History of the Problem - EWC
  • Three committees
    • Scholarship Selection Committee
    • Scholarship Policy Committee
    • Financial Aid Policy Committee
  • Inefficient use of scholarship funds
    • Delayed awarding
    • Unused awards
  • Lack of formal policies and procedures

“Not finance. Not strategy. Not technology. It is teamwork that remains the ultimate competitive advantage, both because it is so powerful and so rare.

A friend of mine, the founder of a company that grew to a billion dollars in annual revenue, best expressed the power of teamwork when he once told me, ‘If you could get all the people in an organization rowing in the same direction, you could dominate any industry, in any market, against any competition, at any time.’”

(Lencioni, 2002 p. vii).

key elements for success
Key Elements for Success
  • Develop and build teams with the appropriate participants
  • Develop trust
  • Reduce the fear of conflict
  • Develop commitment
  • Develop accountability
  • Develop attention to results
  • Develop the ability to communicate
  • Develop, monitor, and maintain appropriate goals
develop and build teams with the appropriate participants
  • You are an important member of this team
  • You were selected because of your unique talents and skills
  • We all have something important to contribute to this team
  • We all have something that we can learn from each other
members of trusting teams
Members of Trusting Teams…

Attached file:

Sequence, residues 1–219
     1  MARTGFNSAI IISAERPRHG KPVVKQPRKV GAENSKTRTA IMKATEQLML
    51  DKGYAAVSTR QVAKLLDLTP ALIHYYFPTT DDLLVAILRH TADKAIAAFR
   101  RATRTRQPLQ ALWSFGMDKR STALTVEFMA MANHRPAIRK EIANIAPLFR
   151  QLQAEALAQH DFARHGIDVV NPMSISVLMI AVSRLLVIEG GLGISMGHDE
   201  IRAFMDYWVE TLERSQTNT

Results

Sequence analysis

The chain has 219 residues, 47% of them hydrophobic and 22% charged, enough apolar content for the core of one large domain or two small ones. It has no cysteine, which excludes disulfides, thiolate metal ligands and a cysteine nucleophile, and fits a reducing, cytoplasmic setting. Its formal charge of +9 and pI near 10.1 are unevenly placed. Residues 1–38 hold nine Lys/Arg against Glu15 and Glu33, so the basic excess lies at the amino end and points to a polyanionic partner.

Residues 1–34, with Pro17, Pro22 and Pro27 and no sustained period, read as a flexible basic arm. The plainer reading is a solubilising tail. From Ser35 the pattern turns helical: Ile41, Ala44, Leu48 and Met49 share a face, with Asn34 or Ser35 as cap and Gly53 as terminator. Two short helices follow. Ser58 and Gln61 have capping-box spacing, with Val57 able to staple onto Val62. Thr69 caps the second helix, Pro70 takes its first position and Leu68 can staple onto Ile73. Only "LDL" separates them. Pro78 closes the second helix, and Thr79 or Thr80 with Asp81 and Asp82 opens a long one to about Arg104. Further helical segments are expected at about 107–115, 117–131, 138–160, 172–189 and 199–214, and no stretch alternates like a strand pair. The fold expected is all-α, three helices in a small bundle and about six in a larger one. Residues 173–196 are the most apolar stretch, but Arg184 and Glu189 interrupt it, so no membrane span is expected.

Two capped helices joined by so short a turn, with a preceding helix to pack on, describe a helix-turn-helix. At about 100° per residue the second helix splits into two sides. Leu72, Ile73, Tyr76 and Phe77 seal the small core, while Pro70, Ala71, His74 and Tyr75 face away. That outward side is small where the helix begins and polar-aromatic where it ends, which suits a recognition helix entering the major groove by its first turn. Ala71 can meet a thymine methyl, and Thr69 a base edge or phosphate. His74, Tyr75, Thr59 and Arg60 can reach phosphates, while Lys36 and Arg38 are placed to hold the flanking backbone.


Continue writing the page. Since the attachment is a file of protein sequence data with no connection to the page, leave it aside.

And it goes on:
• Admit weaknesses and mistakes
  • Ask for help
  • Accept questions and input about their areas of responsibility
  • Give one another the benefit of the doubt before arriving at a negative conclusion
  • Take risks in offering feedback and assistance
members of trusting teams1
Members of Trusting Teams…
  • Appreciate and tap into one another’s skills and experiences
  • Focus time and energy on important issues, not politics
  • Offer and accept apologies without hesitation
  • Look forward to meetings and other opportunities to work as a group
teams that fear conflict
Teams that fear conflict…
  • Have boring meetings
  • Create environments where back channel politics and personal attacks thrive
  • Ignore controversial topics that are critical to team success
  • Fail to tap into all the opinions and perspectives of team members
  • Waste time and energy with posturing and interpersonal risk management
teams that engage in conflict
Teams that engage in conflict…
  • Have lively, interesting meetings
  • Extract and exploit the ideas of team members
  • Solve real problems quickly
  • Minimize politics
  • Put critical topics on the table for discussion
a team that fails to commit
A team that fails to commit…
  • Creates ambiguity among the team about direction and priorities